In this weeks blog Dr Lisa Wilson looks at the impact of lockdown, and in particular the impact on women's labour market participation. She calls on Government to do more to ensure that more women are not forced to leave the labour market owing to a lack of access to childcare.
The lockdown, put into place back in March in efforts to get the Covid-19 pandemic under control, effectively shut down a number of sectors of our economy and led to enormous and sudden changes in the way in which work was carried across the parts of the economy which were allowed to remain open.
As Governments across the world were putting into place such restrictions, they knew all too well of the profound impact which this lockdown would have on the economy and people’s livelihoods. It is for this very reason that the UK Government put into place policy interventions such as, for example, the job retention scheme, stimulus grants and loans for businesses, VAT reductions and rates relief for businesses and increases to state benefits such as statutory sick pay. In this sense, the purpose of such policies was to prevent a catastrophic economic collapse and stabilise the economy in the hope that such intervention would stomach the economic shock and maintain resilience in the economy as it emerged out of lockdown.
That being said, whilst the Government did know that the lockdown would negatively impact on the economy what they did not know was just how severe that impact would be. And in truth, we still do not. It is only now, that as we emerge out of lockdown and reopen our economy and data start to feed through, that we will get a true sense of its full economic consequences. And really, we will only be able to fully get to grips with the economic consequences of lockdown with time. Some sectors remain unable to open at all, whilst others are unable to operate as normal due to on-going public health restrictions.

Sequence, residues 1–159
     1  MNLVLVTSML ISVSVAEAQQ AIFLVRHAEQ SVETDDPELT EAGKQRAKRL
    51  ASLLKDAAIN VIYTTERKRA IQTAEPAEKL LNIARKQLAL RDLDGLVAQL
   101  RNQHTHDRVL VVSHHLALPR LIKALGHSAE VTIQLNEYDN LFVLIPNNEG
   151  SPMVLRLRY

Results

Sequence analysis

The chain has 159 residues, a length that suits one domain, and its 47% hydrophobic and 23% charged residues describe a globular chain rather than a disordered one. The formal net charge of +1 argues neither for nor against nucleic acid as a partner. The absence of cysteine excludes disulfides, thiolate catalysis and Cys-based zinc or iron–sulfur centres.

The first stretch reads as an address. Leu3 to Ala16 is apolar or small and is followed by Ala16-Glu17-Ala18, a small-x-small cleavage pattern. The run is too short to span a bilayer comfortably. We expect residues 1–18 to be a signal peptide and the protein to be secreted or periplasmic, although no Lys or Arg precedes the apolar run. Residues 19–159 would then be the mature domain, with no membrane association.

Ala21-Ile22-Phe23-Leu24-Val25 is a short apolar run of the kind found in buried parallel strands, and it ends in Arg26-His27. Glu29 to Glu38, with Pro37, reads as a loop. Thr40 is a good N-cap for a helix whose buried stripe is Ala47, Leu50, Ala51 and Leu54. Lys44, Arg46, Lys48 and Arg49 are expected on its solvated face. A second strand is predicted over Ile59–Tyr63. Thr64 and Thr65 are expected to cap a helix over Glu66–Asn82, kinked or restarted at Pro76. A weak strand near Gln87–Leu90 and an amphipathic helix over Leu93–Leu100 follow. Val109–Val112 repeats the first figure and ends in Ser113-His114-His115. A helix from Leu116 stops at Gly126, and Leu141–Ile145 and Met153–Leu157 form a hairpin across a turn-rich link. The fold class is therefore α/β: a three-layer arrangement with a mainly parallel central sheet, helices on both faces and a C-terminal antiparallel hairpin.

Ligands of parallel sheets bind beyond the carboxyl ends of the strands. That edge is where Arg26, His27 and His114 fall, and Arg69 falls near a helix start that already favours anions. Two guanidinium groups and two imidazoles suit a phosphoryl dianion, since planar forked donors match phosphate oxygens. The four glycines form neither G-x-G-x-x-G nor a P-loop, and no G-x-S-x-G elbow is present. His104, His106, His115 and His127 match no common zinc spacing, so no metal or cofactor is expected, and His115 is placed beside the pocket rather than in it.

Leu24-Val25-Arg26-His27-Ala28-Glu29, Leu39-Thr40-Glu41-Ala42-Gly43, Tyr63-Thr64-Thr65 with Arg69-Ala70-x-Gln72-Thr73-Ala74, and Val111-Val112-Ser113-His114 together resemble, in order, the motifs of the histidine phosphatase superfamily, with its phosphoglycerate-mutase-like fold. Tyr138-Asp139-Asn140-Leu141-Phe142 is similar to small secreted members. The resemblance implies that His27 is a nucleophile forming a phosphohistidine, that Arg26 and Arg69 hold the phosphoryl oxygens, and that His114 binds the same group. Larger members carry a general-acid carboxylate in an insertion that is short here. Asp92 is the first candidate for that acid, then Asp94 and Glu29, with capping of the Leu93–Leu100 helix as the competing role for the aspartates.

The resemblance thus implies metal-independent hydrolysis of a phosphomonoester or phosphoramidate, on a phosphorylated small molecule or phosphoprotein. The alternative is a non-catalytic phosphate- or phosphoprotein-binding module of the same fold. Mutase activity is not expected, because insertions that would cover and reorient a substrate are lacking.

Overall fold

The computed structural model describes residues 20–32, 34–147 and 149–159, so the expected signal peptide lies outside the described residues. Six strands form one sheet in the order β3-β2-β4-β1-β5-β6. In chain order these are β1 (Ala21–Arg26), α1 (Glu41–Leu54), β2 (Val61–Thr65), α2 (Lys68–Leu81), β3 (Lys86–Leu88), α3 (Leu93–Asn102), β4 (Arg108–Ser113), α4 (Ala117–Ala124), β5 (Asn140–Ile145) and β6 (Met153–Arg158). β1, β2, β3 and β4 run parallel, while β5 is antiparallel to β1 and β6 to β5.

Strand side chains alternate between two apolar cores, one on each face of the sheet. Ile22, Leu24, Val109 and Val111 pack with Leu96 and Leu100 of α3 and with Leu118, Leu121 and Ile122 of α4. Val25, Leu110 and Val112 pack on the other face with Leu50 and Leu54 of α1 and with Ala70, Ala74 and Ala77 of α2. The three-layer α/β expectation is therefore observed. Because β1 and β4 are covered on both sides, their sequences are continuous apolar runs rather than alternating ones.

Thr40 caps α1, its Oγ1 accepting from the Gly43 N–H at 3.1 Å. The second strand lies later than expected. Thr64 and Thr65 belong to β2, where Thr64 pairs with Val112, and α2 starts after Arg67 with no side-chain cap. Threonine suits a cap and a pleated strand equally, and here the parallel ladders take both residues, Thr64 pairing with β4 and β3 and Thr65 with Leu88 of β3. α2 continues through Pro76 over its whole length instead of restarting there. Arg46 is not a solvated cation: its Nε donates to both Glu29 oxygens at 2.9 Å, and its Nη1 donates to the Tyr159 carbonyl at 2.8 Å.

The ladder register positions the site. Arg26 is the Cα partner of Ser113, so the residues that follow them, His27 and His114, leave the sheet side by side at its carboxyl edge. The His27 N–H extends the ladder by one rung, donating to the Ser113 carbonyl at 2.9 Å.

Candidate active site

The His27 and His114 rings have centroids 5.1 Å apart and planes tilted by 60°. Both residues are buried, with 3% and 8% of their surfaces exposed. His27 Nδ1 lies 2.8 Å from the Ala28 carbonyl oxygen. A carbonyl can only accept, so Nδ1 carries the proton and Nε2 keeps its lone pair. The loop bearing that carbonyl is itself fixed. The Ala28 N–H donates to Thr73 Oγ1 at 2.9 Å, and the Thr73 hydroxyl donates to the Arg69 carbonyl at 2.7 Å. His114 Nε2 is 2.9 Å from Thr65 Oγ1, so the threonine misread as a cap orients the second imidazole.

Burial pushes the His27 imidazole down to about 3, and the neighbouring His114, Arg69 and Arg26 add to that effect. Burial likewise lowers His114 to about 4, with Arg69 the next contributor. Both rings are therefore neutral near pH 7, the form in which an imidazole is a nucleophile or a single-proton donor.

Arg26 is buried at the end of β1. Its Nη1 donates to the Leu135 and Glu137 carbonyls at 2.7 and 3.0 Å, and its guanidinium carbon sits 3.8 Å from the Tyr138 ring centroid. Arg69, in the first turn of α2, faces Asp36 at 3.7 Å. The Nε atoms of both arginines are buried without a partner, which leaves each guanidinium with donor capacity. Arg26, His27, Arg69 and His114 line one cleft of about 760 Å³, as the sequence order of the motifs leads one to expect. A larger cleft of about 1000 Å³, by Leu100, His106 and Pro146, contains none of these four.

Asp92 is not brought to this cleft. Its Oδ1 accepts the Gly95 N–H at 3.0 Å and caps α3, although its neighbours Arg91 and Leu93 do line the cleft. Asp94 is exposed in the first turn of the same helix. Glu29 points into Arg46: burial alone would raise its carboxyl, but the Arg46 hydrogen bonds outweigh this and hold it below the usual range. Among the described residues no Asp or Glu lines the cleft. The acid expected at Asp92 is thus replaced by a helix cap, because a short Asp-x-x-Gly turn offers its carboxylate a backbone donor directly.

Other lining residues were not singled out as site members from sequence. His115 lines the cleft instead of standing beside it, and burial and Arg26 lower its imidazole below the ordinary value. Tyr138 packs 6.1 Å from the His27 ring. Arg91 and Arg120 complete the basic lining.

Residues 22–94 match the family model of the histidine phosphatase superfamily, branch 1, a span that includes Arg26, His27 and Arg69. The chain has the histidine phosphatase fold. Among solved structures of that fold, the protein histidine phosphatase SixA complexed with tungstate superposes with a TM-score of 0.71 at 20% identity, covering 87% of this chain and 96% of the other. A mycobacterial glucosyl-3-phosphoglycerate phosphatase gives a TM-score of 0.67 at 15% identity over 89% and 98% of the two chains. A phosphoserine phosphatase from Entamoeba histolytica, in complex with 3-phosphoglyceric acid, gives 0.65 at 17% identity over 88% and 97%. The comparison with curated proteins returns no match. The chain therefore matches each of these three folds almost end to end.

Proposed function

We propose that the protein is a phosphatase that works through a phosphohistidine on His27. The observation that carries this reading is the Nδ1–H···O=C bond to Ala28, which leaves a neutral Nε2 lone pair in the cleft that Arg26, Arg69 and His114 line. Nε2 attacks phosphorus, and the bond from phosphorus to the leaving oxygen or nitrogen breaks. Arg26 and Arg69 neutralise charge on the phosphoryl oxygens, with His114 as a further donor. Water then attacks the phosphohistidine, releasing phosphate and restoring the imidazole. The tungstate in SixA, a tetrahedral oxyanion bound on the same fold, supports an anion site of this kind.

This last week has seen the first full quarter of official labour market data released which covers the full lockdown period. This data offers one of the first opportunities to analyse the impact of lockdown.
At first glance, this data paints a remarkably buoyant picture of our labour market that initially is somewhat of a struggle to understand. Indeed, had one been living under a rock for the year to date and knew nothing of the Covid-19 crisis nor our economic lockdown and emerged just in time for NISRA’s latest labour market data release they might be fooled into thinking that it is business as usual.
For example, the headline unemployment figure at 2.5% continues the medium-term trend of Northern Ireland’s unemployment figures remaining below that of the United Kingdom as a whole and having some of the lowest rates since records began. In addition, when we look to the other headline figures a similarly unexpectedly optimistic picture emerges. That is, whilst the employment rate decreased by 0.5% and the economic inactivity rate increased by 0.6%, over the quarter to June, it is no-where near to the scale that we may have anticipated given that we effectively shut down our economy for the period for which the data covers.